The 2009 squad may have been the most talented team NU had during this period, and it seemed promising that this bunch would give the Cats their first bowl win in 61 years. The Cats were 8-4 and primed for battle, but NU got off to a shaky start against Auburn. Interceptions on back-to-back drives by Auburn’s Walter McFadden, including an 100-yard interception return for a touchdown, gave the Tigers an early 14-0 lead. Though the Cats responded with a six-play, 67-yard drive capped by Mike Kafka’s 39-yard pass to Andrew Brewer, Auburn scored again, sending the Cats into halftime down 21-7. In the third quarter, NU quickly rallied with two Kafka touchdown passes to tie the game at 21 all heading into the fourth. Once again Kafka hurt his own cause by throwing another pick, this time to T’sharvan Bell on the Cats 48, which allowed Auburn to drive down the field and score a touchdown to take a 28-21 lead. After another Auburn touchdown to make the score 35-21 with 7:32 remaining, NU countered with a Kafka 2-yard touchdown run to make it a one score game with 3:20 remaining. Due to kicker Stefan Demos missing the extra point on NU’s last touchdown (he also missed a costly field goal earlier in the game), when the Cats reached the end zone again with a minute left they had to go for two. An impressive trick play allowed wide receiver Brewer to connect with Brendan Mitchell, tying the game at 35. A fumble on the ensuing kickoff gave the Cats the chance to win it all in regulation, but a difficult day for Demos got worse when his field goal attempt missed and sent the game to overtime. After Auburn started overtime with a Wes Byrum 21-yard field goal, Demos once again sent a field goal kick wide right, which should have ended it. However, a roughing-the-kicker penalty against Auburn gave NU new life at the Auburn 9-yard line. With a fourth down and five yards from the end zone, Fitzgerald decided to go for it all with a fake field goal attempt. Wide receiver Zeke Markshausen ended up two yards short, and Auburn took the Outback Bowl 38-35. In one of the craziest bowl games in NU bowl history, Kafka finished the game with a line that might never be seen again: 47-78, 532 passing yards and five interceptions

2011 TicketCity Bowl: Texas Tech — 45, Northwestern — 38

Unlike Fitzgerald’s 2009 squad that was flying high heading into the Outback Bowl, NU’s 2010 team could best be described as limping into its TicketCity Bowl match-up against Texas Tech. The Cats lost three of their last four contests to finish 7-5, and their struggles continued at the TicketCity Bowl. Although Kain Colter  scored a touchdown midway through the second quarter, the Cats finished the first half down 24-6. After NU kicked off the third quarter with a Demos field goal, the next play after the ensuing kickoff resulted in Texas Tech’s Eric Stephens making an 86-yard touchdown run to bring the score to 31-9, Red Raiders. But as per usual with NU, the Cats made a comeback. With a pair of running touchdowns from Colter and quarterback Evan Watkins, along with a 18-yard touchdown pass from Watkins to Demetrius Fields at the beginning of the fourth quarter, the Red Raiders only led 38-31 with 10:33 to play. A Taylor Potts touchdown throw three minutes later extended the Red Raiders lead to 14, but a Jordan Mabin interception return on Texas Tech’s next drive brought the game back to a one score contest at 45-38. Unfortunately, the Cats gave the Red Raiders the ball back on the ensuing kickoff, and Texas Tech burned the clock in an impressive drive spanning over five minutes to finish the game and NU’s bowl victory chances.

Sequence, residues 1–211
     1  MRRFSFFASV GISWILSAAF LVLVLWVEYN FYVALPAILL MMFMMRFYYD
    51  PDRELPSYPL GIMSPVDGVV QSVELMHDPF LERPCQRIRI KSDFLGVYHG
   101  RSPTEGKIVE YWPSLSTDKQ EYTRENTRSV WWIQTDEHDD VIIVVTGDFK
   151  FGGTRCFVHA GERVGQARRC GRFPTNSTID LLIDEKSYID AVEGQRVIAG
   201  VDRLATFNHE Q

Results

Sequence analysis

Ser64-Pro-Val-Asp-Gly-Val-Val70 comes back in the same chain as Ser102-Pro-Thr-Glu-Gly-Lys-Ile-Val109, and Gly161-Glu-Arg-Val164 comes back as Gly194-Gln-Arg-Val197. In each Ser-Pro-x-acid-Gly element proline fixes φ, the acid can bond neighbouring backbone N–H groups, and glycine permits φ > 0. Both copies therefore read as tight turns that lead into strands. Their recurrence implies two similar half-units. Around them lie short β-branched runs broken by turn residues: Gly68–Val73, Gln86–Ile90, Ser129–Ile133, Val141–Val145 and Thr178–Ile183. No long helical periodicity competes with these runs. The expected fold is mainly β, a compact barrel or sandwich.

2011 Meineke Car Care Bowl of Texas: Texas A&M — 33, Northwestern — 22

If there were any year NU lucked out getting into a bowl game, the 2011 season would be it. After starting off the season 2-5, the Cats needed to win four of their next five games to even think about bowl eligibility. Luckily, NU did just that, but despite the team’s success, the Cats looked like no match for Texas A&M. A slow first quarter saw only a Randy Bullock 24-yard field goal for the Aggies, and a Venric Mark touchdown run with 10 minutes in the second quarter gave NU a 7-3 lead. However, the next time the Cats saw points was in the fourth quarter, down 30-7. Like always, NU would made it a game with a Kain Colter running touchdown and a nifty two-point conversion pass from Jeremy Ebert to Demetrius Fields, followed by a Colter touchdown pass to Tim Riley, making the score 30-22 Aggies with 5:22 to play. But just like the year before against Texas Tech, Texas A&M ran the clock down on its next possession and converted a field goal with 30 seconds remaining to win the game 33-22. Although NU remained without a bowl win for yet another year, Cats quarterback Dan Persa finished the day and his NU career 460 of 633, establishing himself as the NCAA Division I all-time record-holder in completion percentage at 72.7 percent.

This is the fourth installment of The Daily’s Road to Jacksonville series leading up to the Gator Bowl on New Year’s Day. Check back Friday when reporter Rohan Nadkarni, Gameday editor Josh Walfish and Sports editor Dan Ryan all make their cases for who the MVP of this year’s team was.

Correction: A previous version of this story misstated Randy Walker’s first name. The Daily regrets the error.